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Sunday, August 18, 2013

New Marsh Painting...Interpreting a Photo

'Into the Tall Grass'         11x14         pastel      ©Karen Margulis

"To interpret what we see before us, to distill its essence, to point out the wonder and omit the mundane, these are the greater truths that make up the artist's long and honored tradition"  Ted Goershner

Photos are great for bringing the memories back. They are great in a photo album or a slide show....memories of times past.  But photos are not always so great for painting references. Especially if we try to copy exactly what we see.  Do you ever put something in a painting just because it was there in the photo?  Do you ever have to explain something in your painting by saying "it was like that in the photo".

 I think we are all guilty of this at some point but as we learn and grow as an artist it becomes easier to let go of the photo and just use it as a starting inspiration.

Today I am sharing my reference photo for this painting to show you how I chose to interpret it.

reference photo...Pawleys Island South Carolina

The photo has some problems common to bad photos. More on this in a future post.
  • The sky is over can barely see it. I don't want to paint it this pale washed out color!
  • The horizon is slanted. Marshes have to be straight and level so I don't want to copy this slant!
  • Bright spot of grass cuts off the left corner. Not the best composition.
  • Color of grasses is uniform throughout....hard to establish a sense of depth.
What do I like about the photo:
  • I love the blue water and how it leads into the scene.
  • I like the colors in the grass.
  • I love the sense of the wide openness of a marsh.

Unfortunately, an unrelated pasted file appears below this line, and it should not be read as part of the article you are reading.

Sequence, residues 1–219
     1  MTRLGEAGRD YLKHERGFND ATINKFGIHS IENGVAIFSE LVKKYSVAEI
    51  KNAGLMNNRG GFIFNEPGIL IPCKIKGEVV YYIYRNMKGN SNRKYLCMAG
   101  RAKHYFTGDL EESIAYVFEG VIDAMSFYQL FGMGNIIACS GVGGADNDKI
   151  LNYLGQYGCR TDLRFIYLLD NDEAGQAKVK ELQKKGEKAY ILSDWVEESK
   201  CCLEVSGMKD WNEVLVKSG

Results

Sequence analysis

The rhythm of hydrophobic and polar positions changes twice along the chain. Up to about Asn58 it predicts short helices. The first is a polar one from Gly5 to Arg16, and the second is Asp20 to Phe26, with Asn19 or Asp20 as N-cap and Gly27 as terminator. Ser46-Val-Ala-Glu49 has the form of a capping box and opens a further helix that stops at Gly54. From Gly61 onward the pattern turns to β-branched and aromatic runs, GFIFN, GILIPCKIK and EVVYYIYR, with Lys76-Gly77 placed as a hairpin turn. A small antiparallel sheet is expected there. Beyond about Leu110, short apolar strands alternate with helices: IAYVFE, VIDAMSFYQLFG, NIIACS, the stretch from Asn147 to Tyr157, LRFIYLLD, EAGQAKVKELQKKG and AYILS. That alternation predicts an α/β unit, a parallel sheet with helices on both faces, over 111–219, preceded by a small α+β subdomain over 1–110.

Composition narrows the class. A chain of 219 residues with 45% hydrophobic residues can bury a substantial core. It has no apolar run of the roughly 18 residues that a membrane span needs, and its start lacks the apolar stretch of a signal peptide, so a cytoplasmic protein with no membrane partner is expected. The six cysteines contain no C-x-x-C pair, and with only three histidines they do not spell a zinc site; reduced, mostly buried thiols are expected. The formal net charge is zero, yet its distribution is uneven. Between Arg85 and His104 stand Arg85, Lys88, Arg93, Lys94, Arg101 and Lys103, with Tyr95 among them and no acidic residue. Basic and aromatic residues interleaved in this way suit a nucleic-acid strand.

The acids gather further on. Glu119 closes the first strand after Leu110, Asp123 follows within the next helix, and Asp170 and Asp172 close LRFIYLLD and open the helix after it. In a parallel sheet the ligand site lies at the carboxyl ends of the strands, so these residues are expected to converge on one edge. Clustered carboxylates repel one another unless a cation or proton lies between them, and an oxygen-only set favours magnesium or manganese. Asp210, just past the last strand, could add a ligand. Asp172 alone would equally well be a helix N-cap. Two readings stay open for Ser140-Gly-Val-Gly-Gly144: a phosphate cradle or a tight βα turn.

• I remember that chilly morning walk where it felt good in the sunny spots.
Now look at the work in progress photos and detail photo below to see how I resolved these issues with the photo.

  • I decided to do a warm underpainting since I wanted it to have a touch of the warm sun as I remembered. 
  • Taking my cue from the meandering creek I slightly altered it's path and brought it into the foreground. I wanted to prevent a look of a fence or barrier of grasses that is present in the photo.
  • I made the sky a gentle blue with a deeper blue at the top so that it would make sense to reflect the blues in the water. I also added a warm pale yellow n the sky to relate to all of the yellows in the grasses.
  • I straightened the horizon and changed the shapes of the distant land masses so they would be more interesting. In the photo it is heavily weighted to the left.
  • I added touches of color in the distance to suggest buildings and boats.
  • I developed the grasses first as shapes of color. I decide to put in some individual stalks of grass in places that I hope will lead the viewer through the painting.
  • I purposely lef the immediate foreground dark and without detail so it wouldn't stop the viewer from entering the painting. This is in contrast to the photo which has LOTS of grasses and stuff in the foreground!  I tried to exercise restraint but it is so easy to get carried away! You have heard it before....leave something to the viewer's imagination!


Anonymous said...

Thank you for your daily paintings.
they are very inspirational and today's has some great hints to correct the bad photo effect.
Thsnks Nan in Australia

Jennifer said...

This post is so very helpful! I'm a new pastel painter and I struggle with breaking free from merely copying my photo references. I suspect this is due to timidity and the drive to "get it right!"

Karen said...

So helpful! Thank you for your generosity in explaining what you did and why.